This mountain man poem opens a window to the heart and mind of someone who lived the life of a mountaineer.
Primary sources are invaluable for learning about the past. From them, we can learn about the past most accurately and get a real sense of a time period. Journals, newspapers, artifacts, and photos all can offer up tidbits of insight about human life in a different time. Art is another category of primary source that can teach us a considerable amount. Art, such as poetry and song, can not only teach us about life in the past, but also about what was going in the mind of the people. In addition we can imagine how they saw themselves, the world, and the people around them.
One era of history where the use of primary sources is widely practiced for research, is the mountain man era of the western fur trade. During this era, many diaries were penned, inventories kept, and a generally plentiful supply of primary sources exist. While reading the journals of Rufus Sage, I happened upon a bit of a gem within its pages. During his time out west, Sage penned a poem he titled, The Wanderer’s Grave. From it we can learn not only about his life, but perhaps the thoughts that coursed through the mind of a mountaineer.
His authentic mountain man poem goes like this:
A Wanderer’s Grave
Away from friends, away from home
and all the heart holds dear,
A weary wand’rer laid him down,
Nor kindly aid was near.
And sickness prey’d upon his frame
And told its tale of woe,
While sorrow mark’d his pallid cheeks
And sank his spirit low.
Nor waiting friends stood round his couch
A healing to impart,-
Nor human voice spoke sympathy,
To sooth his aching heart.
The stars of night his watchers were,
His fan the rude winds’ breath,
And while they sigh’d their hollow moans,
He closed his eyes in death.
Upon the prairie’s vast expanse
This weary wand’rer lay;
And far from friends, and far from home,
He breath’d his life away!
A lovely valley marks the spot
That claims his lowly bed;
But o’er the wand’re’s hapless fate
No friendly tear was shed.
No willing grave received the corpse
Of this poor lonely one;
He bones, alas, were left to bleach
And moulder ‘neath the sun!
The night-wolf howl’d his requiem,
The rude winds danced his dirge;
And e’er anon, in mournful chime,
Sigh’d forth the mellow surge!
The Spring shall teach the rising grass
To twine for him a tomb;
And, o’er the spot where he doth lie,
Shall bid the wild flowers bloom.
But, far from friends, and far from home,
Ah, dismal thought, to die!
Oh, let me ‘mid my friends expire,
And with my fathers lie.
The author of this poem, Rufus Sage, was a greenhorn by all accounts. He had traveled west to chase adventure and see The West in its splendor. In his journal, this poem marks the end of his time at Scottsbluff. Most western Nebraskans know the story of how a trapper named Hiram Scott died at the spot in 1830. While encamped at the same location 11 years later, Sage looked around and reflected on the circumstances of the man’s death. All alone. Prairie in all directions. Nothing but the prairie wolves and wind for a burial party. While standing there, enveloped in isolation, Rufus Sage appears to have stood in Scott’s moccasins for a time, and contemplated his final moments.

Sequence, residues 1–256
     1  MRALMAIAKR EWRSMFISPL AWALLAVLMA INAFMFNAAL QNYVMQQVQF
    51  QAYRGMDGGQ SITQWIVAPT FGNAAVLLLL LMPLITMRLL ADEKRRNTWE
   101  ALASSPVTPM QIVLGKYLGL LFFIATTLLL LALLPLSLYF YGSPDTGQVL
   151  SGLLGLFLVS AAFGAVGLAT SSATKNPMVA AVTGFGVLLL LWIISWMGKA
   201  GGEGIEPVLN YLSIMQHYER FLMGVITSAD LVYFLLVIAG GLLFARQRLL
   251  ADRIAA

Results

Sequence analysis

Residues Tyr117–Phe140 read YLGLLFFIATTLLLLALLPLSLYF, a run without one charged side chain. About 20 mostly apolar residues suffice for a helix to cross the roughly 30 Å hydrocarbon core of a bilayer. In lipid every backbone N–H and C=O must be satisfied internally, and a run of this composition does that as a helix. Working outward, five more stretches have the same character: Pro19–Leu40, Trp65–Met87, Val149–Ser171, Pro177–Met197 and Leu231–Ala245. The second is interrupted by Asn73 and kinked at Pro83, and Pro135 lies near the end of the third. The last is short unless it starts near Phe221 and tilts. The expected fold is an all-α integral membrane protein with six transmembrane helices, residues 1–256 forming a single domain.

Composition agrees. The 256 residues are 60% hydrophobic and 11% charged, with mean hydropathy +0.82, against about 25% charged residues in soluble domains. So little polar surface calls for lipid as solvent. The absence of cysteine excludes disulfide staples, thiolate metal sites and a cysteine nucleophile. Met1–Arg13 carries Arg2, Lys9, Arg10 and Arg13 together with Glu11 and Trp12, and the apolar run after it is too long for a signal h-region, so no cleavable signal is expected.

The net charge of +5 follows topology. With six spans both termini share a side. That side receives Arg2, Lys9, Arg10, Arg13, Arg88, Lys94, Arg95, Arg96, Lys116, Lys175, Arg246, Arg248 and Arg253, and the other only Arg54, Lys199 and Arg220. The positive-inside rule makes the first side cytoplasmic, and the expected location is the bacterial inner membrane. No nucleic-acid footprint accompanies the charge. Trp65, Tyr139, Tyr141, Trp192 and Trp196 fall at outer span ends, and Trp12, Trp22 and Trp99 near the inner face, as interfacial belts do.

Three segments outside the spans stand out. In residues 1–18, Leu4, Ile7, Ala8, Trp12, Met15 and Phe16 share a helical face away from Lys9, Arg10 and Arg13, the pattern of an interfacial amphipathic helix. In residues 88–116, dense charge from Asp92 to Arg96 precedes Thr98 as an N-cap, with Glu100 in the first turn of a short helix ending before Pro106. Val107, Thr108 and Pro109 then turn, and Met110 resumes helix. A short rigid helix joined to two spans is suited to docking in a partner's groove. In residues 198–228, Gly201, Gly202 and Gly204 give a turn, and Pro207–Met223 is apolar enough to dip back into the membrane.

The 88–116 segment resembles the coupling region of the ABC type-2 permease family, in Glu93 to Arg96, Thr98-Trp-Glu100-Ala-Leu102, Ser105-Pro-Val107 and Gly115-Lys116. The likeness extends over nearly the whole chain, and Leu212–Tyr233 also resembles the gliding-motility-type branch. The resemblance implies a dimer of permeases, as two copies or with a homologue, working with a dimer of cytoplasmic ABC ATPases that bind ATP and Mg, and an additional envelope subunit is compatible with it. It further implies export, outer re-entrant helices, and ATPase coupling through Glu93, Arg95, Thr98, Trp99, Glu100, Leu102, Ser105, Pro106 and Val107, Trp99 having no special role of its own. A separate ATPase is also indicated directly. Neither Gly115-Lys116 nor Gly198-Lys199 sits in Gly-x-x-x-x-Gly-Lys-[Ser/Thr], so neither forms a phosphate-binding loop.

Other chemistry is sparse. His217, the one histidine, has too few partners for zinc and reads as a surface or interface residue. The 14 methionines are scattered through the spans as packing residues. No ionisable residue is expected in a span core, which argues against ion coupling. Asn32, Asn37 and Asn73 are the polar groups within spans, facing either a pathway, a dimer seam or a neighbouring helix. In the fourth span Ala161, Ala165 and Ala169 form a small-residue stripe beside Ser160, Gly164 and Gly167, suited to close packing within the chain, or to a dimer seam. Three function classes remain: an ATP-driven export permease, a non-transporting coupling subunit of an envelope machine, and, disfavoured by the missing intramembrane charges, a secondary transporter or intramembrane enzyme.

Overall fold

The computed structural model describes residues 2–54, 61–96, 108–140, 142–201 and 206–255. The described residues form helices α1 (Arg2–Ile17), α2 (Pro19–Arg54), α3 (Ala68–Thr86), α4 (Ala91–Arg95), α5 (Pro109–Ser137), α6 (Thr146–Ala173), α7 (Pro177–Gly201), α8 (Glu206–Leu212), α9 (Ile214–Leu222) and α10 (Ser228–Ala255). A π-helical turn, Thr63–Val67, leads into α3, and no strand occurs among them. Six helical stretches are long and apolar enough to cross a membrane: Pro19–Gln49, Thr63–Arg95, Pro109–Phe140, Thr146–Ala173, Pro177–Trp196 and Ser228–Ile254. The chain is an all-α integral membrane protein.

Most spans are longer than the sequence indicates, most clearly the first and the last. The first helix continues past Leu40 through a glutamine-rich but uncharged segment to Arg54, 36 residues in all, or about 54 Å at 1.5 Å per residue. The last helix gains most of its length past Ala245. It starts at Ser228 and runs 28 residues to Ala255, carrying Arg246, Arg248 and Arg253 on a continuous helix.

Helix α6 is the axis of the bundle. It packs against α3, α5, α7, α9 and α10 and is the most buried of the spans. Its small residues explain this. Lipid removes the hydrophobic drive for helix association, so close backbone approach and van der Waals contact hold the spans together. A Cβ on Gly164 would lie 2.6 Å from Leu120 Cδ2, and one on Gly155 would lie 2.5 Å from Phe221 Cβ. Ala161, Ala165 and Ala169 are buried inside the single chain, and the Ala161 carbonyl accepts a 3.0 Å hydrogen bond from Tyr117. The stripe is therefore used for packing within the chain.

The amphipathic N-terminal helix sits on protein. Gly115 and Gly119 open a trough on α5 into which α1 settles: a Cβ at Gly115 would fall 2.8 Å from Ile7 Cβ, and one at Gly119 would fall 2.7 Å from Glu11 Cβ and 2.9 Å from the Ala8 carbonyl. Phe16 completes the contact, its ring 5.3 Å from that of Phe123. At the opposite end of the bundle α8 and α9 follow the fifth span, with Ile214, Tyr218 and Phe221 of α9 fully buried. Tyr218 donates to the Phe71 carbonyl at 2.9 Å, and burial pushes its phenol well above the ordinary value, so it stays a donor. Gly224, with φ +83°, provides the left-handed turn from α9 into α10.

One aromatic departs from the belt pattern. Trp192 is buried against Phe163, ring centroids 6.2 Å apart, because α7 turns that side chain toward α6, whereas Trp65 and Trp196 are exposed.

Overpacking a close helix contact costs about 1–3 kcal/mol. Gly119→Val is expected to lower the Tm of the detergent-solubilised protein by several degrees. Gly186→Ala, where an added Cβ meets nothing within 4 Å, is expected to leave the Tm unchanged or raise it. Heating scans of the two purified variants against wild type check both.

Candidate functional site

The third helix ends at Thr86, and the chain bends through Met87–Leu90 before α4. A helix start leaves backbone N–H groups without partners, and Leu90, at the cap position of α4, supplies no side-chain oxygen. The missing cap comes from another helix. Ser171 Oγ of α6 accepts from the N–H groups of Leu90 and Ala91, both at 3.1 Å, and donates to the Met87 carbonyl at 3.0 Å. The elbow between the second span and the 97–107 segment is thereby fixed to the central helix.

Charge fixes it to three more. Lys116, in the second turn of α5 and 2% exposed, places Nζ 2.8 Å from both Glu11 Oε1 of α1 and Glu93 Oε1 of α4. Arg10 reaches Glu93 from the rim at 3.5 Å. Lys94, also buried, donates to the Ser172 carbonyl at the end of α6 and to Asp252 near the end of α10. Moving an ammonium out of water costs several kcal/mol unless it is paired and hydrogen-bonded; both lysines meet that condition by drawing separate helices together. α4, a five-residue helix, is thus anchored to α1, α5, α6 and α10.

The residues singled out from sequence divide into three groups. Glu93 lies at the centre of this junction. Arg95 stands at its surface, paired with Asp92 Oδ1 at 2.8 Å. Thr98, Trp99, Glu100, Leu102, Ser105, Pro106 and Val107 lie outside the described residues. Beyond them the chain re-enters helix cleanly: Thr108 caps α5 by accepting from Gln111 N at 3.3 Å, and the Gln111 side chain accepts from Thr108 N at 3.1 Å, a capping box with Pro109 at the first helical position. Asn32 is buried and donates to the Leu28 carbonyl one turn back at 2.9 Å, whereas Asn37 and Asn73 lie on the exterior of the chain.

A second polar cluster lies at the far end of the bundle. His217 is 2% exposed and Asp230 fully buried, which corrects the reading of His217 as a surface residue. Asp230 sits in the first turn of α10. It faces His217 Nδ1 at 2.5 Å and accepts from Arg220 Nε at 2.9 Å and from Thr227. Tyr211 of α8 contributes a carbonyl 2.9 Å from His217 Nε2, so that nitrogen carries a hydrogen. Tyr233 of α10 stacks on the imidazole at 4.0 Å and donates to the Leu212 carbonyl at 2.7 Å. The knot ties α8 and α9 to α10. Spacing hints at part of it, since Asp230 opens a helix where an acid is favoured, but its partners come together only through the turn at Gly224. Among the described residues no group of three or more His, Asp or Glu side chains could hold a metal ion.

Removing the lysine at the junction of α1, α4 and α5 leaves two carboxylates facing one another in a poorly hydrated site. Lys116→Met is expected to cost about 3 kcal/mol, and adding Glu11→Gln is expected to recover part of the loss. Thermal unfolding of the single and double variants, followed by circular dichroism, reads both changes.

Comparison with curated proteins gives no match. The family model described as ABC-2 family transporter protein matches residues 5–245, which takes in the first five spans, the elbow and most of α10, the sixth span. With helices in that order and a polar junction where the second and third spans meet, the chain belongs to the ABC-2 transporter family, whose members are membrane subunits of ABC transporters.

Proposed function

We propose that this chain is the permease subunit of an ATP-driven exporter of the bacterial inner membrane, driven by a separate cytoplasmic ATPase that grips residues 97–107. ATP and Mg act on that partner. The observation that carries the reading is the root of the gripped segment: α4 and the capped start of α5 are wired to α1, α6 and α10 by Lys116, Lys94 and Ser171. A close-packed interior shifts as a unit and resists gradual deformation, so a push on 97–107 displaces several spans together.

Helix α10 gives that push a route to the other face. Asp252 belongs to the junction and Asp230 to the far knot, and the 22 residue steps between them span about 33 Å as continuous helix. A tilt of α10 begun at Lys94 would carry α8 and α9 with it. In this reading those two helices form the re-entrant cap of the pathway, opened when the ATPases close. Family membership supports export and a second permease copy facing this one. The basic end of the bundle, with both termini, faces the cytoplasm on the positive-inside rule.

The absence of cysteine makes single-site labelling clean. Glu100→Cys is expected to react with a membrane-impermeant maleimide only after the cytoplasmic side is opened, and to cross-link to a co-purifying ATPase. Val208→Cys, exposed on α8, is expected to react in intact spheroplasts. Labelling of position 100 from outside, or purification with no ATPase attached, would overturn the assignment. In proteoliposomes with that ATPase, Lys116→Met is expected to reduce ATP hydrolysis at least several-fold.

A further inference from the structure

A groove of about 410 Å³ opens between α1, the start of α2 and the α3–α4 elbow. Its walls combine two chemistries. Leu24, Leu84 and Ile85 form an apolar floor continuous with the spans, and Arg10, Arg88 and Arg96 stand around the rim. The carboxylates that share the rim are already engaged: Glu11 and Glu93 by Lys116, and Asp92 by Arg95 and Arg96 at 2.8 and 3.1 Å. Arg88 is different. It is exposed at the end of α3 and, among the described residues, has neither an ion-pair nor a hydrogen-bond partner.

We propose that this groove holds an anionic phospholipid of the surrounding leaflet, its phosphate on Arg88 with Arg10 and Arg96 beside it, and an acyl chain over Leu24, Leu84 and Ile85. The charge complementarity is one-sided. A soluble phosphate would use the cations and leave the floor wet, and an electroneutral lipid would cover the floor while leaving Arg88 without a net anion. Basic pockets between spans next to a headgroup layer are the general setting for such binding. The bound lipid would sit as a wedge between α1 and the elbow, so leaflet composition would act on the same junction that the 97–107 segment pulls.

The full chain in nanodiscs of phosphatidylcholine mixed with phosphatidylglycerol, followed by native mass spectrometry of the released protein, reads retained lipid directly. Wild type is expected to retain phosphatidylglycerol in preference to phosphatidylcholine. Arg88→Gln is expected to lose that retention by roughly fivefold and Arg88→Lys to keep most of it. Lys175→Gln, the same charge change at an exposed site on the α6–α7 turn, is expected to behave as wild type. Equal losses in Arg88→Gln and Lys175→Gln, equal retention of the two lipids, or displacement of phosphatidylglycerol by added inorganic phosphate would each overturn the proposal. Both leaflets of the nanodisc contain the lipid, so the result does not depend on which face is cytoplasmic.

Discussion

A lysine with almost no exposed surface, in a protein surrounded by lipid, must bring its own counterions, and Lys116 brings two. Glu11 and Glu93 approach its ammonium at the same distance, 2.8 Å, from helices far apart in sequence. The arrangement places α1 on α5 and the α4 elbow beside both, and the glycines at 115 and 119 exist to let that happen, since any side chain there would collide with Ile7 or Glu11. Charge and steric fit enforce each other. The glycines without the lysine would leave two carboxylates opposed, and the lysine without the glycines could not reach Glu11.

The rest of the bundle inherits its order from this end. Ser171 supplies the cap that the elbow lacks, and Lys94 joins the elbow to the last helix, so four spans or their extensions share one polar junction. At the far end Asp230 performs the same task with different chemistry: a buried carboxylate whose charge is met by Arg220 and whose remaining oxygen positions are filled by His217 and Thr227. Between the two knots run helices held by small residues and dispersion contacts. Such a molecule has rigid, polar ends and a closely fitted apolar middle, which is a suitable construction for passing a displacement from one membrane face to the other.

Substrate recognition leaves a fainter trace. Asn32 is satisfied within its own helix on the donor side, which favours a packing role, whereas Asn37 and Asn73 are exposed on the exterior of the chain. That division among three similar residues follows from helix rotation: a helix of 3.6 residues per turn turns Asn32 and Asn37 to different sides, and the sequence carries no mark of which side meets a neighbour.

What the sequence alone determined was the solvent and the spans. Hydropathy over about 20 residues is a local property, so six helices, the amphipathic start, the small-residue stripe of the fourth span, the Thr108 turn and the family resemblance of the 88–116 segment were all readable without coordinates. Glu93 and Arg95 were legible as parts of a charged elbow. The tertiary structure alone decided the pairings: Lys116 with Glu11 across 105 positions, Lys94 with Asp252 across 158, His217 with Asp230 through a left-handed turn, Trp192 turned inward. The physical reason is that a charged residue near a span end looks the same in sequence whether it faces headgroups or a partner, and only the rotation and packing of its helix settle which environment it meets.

As you can tell from the poem, Rufus Scott had no romantic desire to die on the plains. While envisioning his own death on the prairie, he noted he would long for one thing; his family. This brief exposure of his psyche can help possibly break a few of the old sterotypes we are sometimes fed about America’s wild mountain men.
For starters, most mountaineers weren’t traipsing around the mountains with no hopes of ever returning home. Mountaineers streamed to the Rockies for lots of reasons; adventure, allure of money, curiosity, intrigue, and a host of others. Like Sage, most of the men didn’t have plans to die a glorious death on the windswept plains. This seems like a no brainer, but sometimes is seems we cast these men as having some wish to vanish forever into the mountains. While possibly true for some, unlikely the wish of many.
Secondly, it can possibly reveal the breathtaking, yet fearsome, scope of the prairie. The huge grassland of our nation seemed to really engulf him for a moment, and intimidated him to a degree. You can imagine the feeling of standing in over a half million square miles of prairie with no lifeline to the world you came from. For Sage, he seemed to realize the reality of the vastness of the plains. When paired with his thoughts of death, you can tell it sort of rattled him.
Rufus Sage’s authentic mountain man poem is not only a good read, but, like other primary sources, it offers a glimpse into the past. As art, rather than fact, it also opens up another layer in the story of his life. We not only can learn about his experiences, but what he was thinking and feeling on a deeper level. When you take the time to read his words, think about the context. You might be surprised at where your own thoughts wander if you look at it from his moccasins.
Thanks for taking the time to read this essay on an authentic mountain man poem. If you find this sort of thing interesting, you might enjoy reading this essay on Rufus Sage’s thought on Scottsbluff in 1841.